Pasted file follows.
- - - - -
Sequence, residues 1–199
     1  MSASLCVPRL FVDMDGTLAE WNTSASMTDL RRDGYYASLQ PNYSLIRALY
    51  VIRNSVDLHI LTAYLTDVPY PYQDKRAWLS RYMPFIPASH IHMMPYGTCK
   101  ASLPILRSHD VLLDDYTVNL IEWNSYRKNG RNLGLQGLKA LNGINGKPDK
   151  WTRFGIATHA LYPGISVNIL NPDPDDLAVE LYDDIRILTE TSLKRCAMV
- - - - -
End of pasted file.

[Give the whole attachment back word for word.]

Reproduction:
Sequence, residues 1–199
     1  MSASLCVPRL FVDMDGTLAE WNTSASMTDL RRDGYYASLQ PNYSLIRALY
    51  VIRNSVDLHI LTAYLTDVPY PYQDKRAWLS RYMPFIPASH IHMMPYGTCK
   101  ASLPILRSHD VLLDDYTVNL IEWNSYRKNG RNLGLQGLKA LNGINGKPDK
   151  WTRFGIATHA LYPGISVNIL NPDPDDLAVE LYDDIRILTE TSLKRCAMV